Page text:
New loan defaults might overshadow Sacramento's housing recovery

We're going to find out now whether foreclosure moratoriums and new loan-modification programs will work.

Banks and mortgage lenders filed a record 11,049 new notices of default in the capital region in the first three months of 2009, La Jolla property researcher MDA DataQuick reported Wednesday. The firm cited a similar sharp rise in default notices – following a several-month lull – across all of California's foreclosure belts.

The rise in defaults came as foreclosures fell for a second straight quarter across the capital region and California.

While the sudden spike in defaults suggested another major wave of repossessed homes to further drive down home prices, some analysts counseled caution Wednesday.

Bank of America spokesman Rick Simon said some of the uptick is a resumption of processing notices of default delayed last fall and winter during an early round of foreclosure moratoriums.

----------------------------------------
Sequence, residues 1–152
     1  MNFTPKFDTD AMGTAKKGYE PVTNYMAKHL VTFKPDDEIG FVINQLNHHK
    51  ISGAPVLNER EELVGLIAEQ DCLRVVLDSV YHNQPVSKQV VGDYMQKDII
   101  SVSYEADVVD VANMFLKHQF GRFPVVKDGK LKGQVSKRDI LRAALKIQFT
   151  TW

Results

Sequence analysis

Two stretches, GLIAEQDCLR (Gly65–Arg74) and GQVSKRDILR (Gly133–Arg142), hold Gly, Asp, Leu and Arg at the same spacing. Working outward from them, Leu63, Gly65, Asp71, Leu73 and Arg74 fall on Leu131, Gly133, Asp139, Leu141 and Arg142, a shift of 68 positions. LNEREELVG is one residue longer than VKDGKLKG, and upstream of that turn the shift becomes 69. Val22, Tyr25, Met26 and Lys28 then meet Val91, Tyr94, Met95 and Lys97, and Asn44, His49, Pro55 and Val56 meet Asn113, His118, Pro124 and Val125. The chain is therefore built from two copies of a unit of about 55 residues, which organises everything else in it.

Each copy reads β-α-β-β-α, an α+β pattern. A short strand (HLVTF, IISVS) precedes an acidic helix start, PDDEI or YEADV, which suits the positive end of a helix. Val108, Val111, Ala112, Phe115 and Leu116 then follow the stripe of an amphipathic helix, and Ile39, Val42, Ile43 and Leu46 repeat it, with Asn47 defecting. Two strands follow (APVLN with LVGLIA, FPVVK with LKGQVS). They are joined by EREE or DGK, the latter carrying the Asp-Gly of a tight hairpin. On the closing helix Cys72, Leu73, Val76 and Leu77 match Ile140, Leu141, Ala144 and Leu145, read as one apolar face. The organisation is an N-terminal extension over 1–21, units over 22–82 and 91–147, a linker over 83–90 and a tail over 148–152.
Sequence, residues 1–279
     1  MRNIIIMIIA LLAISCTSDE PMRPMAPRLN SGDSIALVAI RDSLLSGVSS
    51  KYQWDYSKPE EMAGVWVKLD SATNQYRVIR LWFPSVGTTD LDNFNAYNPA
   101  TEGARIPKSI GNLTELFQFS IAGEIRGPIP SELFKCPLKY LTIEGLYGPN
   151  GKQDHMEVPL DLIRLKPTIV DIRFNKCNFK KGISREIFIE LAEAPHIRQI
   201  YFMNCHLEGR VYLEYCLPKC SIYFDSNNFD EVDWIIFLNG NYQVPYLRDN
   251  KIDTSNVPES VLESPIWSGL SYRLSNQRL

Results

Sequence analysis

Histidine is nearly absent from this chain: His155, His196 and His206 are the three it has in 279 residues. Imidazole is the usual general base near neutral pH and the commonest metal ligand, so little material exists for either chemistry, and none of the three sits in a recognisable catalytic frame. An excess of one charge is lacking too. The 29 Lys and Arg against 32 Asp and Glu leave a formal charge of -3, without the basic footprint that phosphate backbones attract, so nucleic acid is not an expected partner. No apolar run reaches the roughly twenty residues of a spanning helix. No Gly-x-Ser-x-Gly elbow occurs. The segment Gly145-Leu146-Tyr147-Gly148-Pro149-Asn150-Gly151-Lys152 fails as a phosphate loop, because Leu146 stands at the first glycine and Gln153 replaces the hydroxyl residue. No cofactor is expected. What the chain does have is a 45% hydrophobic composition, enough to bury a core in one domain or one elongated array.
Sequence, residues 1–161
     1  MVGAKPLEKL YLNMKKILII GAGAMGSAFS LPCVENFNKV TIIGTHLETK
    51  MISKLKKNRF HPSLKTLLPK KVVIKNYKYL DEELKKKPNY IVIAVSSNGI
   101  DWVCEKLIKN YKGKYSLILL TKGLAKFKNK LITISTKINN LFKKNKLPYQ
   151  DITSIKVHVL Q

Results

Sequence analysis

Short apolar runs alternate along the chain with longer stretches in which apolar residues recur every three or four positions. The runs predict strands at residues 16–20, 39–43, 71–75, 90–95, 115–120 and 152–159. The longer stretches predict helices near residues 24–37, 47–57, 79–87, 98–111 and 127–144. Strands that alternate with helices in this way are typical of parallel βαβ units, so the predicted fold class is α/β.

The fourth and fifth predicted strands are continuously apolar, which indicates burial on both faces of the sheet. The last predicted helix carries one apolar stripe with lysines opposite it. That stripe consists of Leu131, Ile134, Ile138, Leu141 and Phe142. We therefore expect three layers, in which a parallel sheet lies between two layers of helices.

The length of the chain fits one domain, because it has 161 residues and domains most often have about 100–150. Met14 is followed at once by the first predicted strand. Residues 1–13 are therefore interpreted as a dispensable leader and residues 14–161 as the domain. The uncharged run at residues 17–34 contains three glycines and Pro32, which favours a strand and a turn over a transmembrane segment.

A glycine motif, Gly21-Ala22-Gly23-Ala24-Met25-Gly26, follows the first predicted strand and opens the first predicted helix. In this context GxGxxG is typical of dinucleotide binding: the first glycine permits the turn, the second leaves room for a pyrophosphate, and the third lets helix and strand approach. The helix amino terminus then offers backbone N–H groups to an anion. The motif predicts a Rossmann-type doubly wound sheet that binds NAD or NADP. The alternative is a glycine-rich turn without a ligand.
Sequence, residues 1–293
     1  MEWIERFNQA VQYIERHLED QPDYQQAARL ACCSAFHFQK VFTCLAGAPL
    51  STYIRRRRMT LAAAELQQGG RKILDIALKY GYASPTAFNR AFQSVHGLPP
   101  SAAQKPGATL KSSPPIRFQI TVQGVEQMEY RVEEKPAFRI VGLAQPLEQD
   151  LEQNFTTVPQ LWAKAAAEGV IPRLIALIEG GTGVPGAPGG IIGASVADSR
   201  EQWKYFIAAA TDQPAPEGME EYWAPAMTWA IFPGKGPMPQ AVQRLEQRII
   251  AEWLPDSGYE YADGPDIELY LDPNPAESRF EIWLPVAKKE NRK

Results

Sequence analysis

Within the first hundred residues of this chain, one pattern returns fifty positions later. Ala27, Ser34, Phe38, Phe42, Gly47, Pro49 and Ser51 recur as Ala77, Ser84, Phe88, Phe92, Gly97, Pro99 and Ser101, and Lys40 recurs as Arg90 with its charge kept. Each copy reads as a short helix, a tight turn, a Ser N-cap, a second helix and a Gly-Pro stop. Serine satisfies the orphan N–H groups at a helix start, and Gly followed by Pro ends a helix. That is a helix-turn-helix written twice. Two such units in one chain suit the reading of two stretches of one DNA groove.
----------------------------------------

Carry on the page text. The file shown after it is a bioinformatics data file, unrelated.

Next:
"The loans that were deemed eligible for that were not advanced for foreclosure during that time," he said.

"Some is catch-up, and some is just new default activity related to job losses," said DataQuick analyst Andrew LePage.

Unemployment reached 11.3 percent in the El Dorado, Placer, Sacramento and Yolo counties region in March and is expected to top 12 percent. Statewide unemployment in March stood at 11.2 percent.

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